A research organization that seeks to “consider attitudes and behaviors that significantly impact spiritual growth” says that some pastors are concerned that a percentage of professing Christians won’t attend church once the pandemic is past but will continue to stay home and watch online.
“How church leaders plan and respond now will make the critical difference in how the Church continues after the pandemic,” said Dr. Arnie Cole, director of Research and Development for the Center for Bible Engagement.
“Each of us can choose to virtually attend any church with an online presence. This choice can be an add-on to our active participation in our local church or a substitute for it. Online worship with the mega church across the country can be a ‘yes, and’ or an ‘in lieu of.’ As behavior scientists, we believe the ‘in lieu of’ scenario is the more likely one, and that has many pastors and leaders concerned.”
The Center for Bible Engagement conducted a survey this month with North American pastors to ask questions such as, “How has attendance and giving been [in the midst of the pandemic]?” and “When you return to holding in-person services, what do you expect attendance will be?”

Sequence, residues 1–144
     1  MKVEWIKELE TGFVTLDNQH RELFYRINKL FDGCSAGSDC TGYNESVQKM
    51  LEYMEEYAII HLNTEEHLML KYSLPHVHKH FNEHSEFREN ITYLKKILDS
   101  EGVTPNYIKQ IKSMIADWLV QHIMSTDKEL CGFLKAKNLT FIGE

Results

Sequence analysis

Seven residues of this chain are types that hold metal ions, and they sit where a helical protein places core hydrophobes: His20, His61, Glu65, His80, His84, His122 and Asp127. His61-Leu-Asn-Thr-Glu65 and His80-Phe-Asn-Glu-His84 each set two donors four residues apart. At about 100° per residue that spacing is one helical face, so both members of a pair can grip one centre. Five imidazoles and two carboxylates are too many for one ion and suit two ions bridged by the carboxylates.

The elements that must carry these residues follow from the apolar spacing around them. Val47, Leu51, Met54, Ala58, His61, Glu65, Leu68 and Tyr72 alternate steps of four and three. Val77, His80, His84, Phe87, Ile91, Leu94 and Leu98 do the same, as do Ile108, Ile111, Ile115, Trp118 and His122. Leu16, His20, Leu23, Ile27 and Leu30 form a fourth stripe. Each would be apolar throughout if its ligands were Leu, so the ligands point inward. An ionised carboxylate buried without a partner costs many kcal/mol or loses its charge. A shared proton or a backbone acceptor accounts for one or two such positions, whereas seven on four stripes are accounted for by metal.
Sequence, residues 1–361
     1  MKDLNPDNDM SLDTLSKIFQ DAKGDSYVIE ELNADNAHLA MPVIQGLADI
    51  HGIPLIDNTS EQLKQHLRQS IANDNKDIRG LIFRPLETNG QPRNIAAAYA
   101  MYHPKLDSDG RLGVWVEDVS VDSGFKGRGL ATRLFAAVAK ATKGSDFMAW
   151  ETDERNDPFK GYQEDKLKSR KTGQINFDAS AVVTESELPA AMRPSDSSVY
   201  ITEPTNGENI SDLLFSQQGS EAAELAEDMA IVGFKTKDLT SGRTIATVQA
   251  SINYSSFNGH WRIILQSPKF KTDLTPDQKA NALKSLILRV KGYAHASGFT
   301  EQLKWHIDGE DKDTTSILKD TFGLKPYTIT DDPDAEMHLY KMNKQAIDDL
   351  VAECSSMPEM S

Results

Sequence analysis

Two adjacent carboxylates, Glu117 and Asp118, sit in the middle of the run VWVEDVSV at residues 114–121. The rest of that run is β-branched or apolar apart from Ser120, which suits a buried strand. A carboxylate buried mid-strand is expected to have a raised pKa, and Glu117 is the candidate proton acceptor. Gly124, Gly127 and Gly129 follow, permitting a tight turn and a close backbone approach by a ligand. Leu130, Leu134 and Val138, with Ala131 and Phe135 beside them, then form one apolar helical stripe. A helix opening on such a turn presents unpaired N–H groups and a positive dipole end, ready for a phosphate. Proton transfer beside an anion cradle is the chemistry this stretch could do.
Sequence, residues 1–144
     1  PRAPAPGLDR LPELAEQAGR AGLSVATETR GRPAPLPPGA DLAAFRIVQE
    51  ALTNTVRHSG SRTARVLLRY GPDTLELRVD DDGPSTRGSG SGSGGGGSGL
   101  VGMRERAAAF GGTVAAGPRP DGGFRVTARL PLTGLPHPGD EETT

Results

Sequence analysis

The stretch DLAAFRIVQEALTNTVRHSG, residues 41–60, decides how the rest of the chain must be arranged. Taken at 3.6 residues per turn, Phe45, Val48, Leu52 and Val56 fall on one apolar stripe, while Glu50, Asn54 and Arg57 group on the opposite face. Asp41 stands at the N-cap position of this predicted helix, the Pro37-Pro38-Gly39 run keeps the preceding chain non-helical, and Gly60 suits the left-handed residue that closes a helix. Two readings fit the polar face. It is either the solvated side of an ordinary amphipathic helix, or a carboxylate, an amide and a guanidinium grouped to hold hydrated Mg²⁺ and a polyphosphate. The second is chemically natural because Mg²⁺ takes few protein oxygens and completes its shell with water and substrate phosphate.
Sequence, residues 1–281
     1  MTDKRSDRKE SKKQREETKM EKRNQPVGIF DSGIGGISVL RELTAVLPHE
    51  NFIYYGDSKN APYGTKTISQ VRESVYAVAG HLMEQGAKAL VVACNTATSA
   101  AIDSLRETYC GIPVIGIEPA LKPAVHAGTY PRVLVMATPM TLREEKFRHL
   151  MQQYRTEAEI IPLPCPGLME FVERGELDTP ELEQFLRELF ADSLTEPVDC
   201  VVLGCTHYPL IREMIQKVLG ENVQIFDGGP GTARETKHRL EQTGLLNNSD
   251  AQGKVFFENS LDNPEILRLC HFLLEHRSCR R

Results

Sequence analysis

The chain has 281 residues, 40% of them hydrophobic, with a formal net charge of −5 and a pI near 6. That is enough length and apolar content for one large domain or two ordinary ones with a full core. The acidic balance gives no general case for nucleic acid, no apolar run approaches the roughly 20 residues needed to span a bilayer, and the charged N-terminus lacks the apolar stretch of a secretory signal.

While the majority said that viewership is currently up and felt that church attendance will likely remain the same or improve after the pandemic, the Center for Bible Engagement is honing in on the 34 percent of pastors who agreed that they are “moderately” worried some will stay home and the 61 percent who admitted that they are concerned a “little.” 14 percent of pastors said that attendance will likely be “worse.”
Cole says that his organization has put its finger on several reasons why some professing Christians might not attend church after in-person services resume. One, people have formed new habits in watching online, and they like the convenience of having “interactive” sermons as “most people appreciate the ability to comment, chat or even ask a question during a service.”
“Additionally, the culture has taught people to expect things to be customized to their time schedules and available on-demand,” Cole outlined.
However, while online preachers may generate many views, they “can’t meet the day-to-day needs of all the people who hear [them] preach,” he noted. There needs to be a personal and local connection; they need the local church.
“Church leaders need to make personal relationships with their members priority one. They need to concentrate on the six days between Sundays, helping people stay connected with God beyond the four walls of a church,” Cole opined. “The difference between a lukewarm Christian and an engaged disciple-maker is what they do between Sundays.”
Research conducted by the organization, based on information from users of its personalized Bible app, also found that some Christians are “starting to struggle spiritually in a huge way,” and are struggling with feeling “spiritually stuck” during the pandemic. Some are dealing with fear and destructive thinking.
Hebrews 10:24-25 instructs, “[L]et us consider one another to provoke [each other] unto love and to good works, not forsaking the assembling of ourselves together, as the manner of some is, but exhorting one another — and so much the more as ye see the day approaching.”